Occasionally an error occurs during the division: for example, the egg or sperm might be missing a chromosome (22 chromosomes) or have an extra one (24 chromosomes), so at conception the baby has either too few (45) or too many (47) chromosomes. A well-known example of this type of genetic disorder is Down syndrome, where a person has 47 chromosomes rather than 46.
Babies are rarely born with changes in chromosome numbers because most of these pregnancies end in miscarriage.
Changes in chromosome structure
Sometimes the information contained in a chromosome breaks up and the pieces reform in a different pattern. For example, a fragment of chromosome may break off and be lost during the formation of either the egg or sperm cell. A section of chromosome might also break away and ‘stick’ to another chromosome.
In other cases, a fragment of chromosome may copy itself or the ends of the chromosome may join to form a ring. Some changes in structure are ‘balanced’ (chromosome material is not lost or gained) and are unlikely to result in a genetic disorder.
Uniparental disomy means the child inherited a particular gene pair (both copies of the gene) from one parent only. This can cause a disorder if it is necessary for the child to have inherited one such gene from each parent.
Normally every cell in the body contains the same genetic information – all 46 chromosomes, designated as 46XX (female) or 46XY (male). A person who has chromosomal mosaicism has different numbers of chromosomes in different cells; for example, 46 in some cells and 47 in others.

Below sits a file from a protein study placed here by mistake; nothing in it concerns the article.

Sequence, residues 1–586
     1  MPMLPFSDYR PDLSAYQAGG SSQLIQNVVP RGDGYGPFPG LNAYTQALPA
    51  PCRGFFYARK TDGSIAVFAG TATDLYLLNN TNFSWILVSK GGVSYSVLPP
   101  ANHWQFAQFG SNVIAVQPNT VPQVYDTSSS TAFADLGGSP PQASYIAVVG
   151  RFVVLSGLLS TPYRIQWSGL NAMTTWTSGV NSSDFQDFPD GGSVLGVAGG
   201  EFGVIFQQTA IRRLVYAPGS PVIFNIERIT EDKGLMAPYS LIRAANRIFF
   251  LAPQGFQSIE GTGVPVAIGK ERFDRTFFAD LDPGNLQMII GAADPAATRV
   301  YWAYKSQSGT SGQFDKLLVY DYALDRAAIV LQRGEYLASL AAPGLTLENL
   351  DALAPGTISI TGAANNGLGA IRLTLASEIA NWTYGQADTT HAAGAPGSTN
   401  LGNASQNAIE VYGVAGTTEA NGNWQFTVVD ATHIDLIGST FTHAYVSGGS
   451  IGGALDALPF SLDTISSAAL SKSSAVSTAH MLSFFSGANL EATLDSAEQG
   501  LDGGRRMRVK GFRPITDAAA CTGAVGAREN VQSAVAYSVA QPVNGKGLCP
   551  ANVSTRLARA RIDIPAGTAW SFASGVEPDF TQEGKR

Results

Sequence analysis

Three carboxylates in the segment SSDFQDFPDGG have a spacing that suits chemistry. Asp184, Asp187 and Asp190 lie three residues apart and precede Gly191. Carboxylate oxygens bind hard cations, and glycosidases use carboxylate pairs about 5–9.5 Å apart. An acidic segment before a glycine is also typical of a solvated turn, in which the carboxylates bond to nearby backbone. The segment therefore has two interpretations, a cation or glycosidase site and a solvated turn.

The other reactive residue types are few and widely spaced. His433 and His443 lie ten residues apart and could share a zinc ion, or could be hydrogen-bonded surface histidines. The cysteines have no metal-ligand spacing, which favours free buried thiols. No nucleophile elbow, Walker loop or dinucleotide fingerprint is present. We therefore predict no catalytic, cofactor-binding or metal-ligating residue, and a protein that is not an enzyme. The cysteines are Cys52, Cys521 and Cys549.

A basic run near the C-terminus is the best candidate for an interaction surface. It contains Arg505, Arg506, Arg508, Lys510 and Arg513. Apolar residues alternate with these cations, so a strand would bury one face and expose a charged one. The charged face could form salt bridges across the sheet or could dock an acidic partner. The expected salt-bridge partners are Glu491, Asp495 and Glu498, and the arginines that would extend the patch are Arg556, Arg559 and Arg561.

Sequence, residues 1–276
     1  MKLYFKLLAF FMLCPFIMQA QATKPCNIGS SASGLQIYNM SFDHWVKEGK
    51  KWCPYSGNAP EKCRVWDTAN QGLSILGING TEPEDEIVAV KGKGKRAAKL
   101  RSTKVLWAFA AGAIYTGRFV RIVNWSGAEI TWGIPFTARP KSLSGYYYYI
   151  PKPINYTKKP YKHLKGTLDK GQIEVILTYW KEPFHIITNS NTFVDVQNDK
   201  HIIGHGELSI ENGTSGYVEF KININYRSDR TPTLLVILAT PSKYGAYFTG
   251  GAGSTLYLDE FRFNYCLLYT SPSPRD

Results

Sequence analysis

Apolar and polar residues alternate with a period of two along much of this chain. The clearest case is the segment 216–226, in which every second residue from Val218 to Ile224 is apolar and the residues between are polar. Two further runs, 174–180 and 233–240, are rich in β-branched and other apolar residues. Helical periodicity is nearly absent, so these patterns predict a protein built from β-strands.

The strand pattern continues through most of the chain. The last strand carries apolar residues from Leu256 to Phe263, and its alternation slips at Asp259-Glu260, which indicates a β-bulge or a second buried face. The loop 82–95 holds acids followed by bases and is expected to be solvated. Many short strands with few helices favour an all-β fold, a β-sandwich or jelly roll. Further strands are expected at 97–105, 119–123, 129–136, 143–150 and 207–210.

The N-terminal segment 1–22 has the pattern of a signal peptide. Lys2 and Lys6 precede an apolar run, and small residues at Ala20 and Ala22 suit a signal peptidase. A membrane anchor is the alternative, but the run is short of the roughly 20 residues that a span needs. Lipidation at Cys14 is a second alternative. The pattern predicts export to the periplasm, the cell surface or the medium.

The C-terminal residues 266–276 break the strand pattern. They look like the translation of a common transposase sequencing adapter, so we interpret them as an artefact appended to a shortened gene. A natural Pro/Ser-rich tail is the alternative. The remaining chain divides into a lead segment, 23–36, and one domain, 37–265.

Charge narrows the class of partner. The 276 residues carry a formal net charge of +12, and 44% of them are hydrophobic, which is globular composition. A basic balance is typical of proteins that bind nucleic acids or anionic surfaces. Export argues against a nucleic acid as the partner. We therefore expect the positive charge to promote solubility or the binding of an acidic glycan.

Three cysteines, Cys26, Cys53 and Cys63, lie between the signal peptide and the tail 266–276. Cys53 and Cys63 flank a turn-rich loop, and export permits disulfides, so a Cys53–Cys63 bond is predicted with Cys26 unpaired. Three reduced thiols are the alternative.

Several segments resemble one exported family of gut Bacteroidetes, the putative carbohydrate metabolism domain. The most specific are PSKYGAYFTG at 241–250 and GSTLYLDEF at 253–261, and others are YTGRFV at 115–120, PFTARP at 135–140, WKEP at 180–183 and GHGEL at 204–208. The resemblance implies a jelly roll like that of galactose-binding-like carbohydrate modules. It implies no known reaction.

Mitochondria are like little batteries that make energy within each cell. The energy source is a chemical called adenosine triphosphate (ATP). Organs like the brain, heart and liver can’t survive without ATP.
Genes within the mitochondria, as well as in the nucleus of the cell, instruct the cell on how to make the enzymes that are crucial to ATP production. If any of these genes are altered, this can affect enzyme production and interfere with the production of ATP. If one of the genes in the mitochondria is altered, then the condition is inherited only from the mother. This is because each person inherits their mitochondria only from their mother, and not from their father.
The symptoms of a mitochondrial disorder, depending on the genes involved, can affect the:
- brain and spinal cord– intellectual disabilities, deafness, vision problems and seizures
- heart – cardiomyopathy (heart failure) and irregular heartbeat disorders
- musculoskeletal (locomotor) system – poor muscle tone and floppiness.
Multifactorial (involving several factors) disorders, such as many common birth defects or diseases like high blood pressure, are disorders caused by the environment interacting with the action of several genes. (This is also sometimes called polygenic inheritance.) For example, the birth defect spina bifida is caused by the action of several genes and also depends on the amount of folate in the mother’s diet during pregnancy (the environment). High blood pressure is influenced by a large number of genes, but also is influenced by a person's diet and salt intake.
Where to get help
This page has been produced in consultation with and approved by:
Victorian Clinical Genetics Services (VCGS)